Theater and Film:

  • Hedy Lamarr - Inventor and Actress - Best known as a glamorous star of the Golden Age of Hollywood, during World War II Lamarr also invented a new form of radio jamming with her neighbor George Anthiel, an avant-garde composer.  Together, they developed a signal that would jump sporadically through several frequencies and interfere with Nazi radio-guided torpedoes.  The technology still has applications today in wifi and bluetooth technology.
Hedy Lamarr and a patent for her co-invention.
  • Lillian Moller Gilbreth - Author, Psychologist, Industrial Engineer, and Film Inspiration - Lillian Moller Gilbreth mastered many fields throughout her life: she earned degrees in literature, pioneered industrial psychology, saved many businesses during the Great Depression using scientific management, and raised her twelve children.  Her children went on to write the autobiography Cheaper by the Dozen, which was made into a popular film franchise that sadly downplays the role of their remarkable mother.  

A US Stamp commemorating Lillian Moller Gilbreth,
the "first lady of engineering."
Hear more stories about Hedy Lamarr and other famous scientists through song with the North Cambridge Family Opera!  Giants of Science at the Broad Auditorium, Saturday April 16th, 3pm-4:15pm, and Sunday April 17th, 6pm-7:15pm.  Free!

Explore where science and engineering intersect the performing arts!  Science Can DANCE! at the Harvard Museum of Science & Culture.  Saturday, April 23, 11am-3pm.  Ages 10-14, pre-registration required.


  • Rachel Carson - Zoologist and Author - The influential book Silent Spring, which outlined the dangers of misusing chemical pesticides, was just the capstone on Rachel Carson’s career as an ecologist and writer.  She wrote natural history articles for the Baltimore Sun, was editor-in-chief of all publications by the US Fish and Wildlife Service, and, in her free time, penned her stirring conservationist prose.
Rachel Carson in the field.
  • Isaac Asimov - Biochemist and Hard Sci-Fi Author - No science fiction collection is complete without a volume of Isaac Asimov’s award-winning work.  Few readers realize he started out as a chemistry student, eventually becoming a professor of biochemistry at Boston University School of Medicine.  Hardly the stuff of the “pulp” sci-fi that his father forbade him from reading, his speculative theories included the famous “Three Laws of Robotics,” which have fascinated scientists and futurists since their publishing.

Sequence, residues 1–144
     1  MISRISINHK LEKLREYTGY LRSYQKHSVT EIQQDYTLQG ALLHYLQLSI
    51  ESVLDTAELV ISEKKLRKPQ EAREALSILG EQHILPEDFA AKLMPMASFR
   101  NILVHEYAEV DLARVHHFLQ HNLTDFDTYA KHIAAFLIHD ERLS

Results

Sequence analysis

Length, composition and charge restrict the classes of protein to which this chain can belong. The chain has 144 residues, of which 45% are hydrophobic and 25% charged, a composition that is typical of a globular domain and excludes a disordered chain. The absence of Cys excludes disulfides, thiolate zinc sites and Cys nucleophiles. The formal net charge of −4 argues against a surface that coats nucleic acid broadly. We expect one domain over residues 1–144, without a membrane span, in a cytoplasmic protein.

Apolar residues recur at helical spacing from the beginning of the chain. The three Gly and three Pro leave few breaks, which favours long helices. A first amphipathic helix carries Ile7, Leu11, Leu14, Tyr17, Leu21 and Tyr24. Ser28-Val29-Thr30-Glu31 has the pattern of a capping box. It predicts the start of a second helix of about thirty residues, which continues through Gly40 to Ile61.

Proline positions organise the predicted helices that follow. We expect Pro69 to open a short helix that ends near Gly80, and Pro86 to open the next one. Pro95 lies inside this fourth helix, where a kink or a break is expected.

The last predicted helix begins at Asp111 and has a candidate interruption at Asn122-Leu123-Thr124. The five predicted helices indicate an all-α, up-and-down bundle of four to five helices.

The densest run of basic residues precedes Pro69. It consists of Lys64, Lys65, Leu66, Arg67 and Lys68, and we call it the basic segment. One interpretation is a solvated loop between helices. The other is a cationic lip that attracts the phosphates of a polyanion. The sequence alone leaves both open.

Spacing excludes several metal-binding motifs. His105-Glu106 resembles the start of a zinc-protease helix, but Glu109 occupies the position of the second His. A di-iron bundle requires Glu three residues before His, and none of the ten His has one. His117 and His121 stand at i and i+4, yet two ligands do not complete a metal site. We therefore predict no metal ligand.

Asimov's three famous rules.
Learn more about “robotics,” a word that Asimov created, right next to some of the world’s most famous robots!  Workshop: Introduction to Robotics at the MIT Museum, Thursday, April 21st, 11am-1pm and 2-4pm.  Ages 12+, pre-registration required.

Get involved and become an activist like Rachel Carson!  You're a Citizen Scientist: People for Pollinators Project at Birches School.  Sunday, April 24th, 1pm-4pm.  Pre-registration required.  Free!

Learn how science fiction can be a useful lens for examining reality, and try your hand at some science writing exercises!  Science Writing Workshop: Stealing from Fiction's Toolkit at the MIT Museum, Sunday April 17th, 1pm-4pm.  Ages 18+, pre-registration required.

Want to give both sides of your brain some action, just like these great innovators?  Check out all of these art-centric (and eccentric!) events at the Cambridge Science Festival!


E. Rosser is a science writer and mechanical engineer currently wrapping up a degree at MIT. She likes to give the right side of her brain a little exercise now and then by designing costumes, doodling in a design notebook, or sewing crazy fabric creations.

1 comment: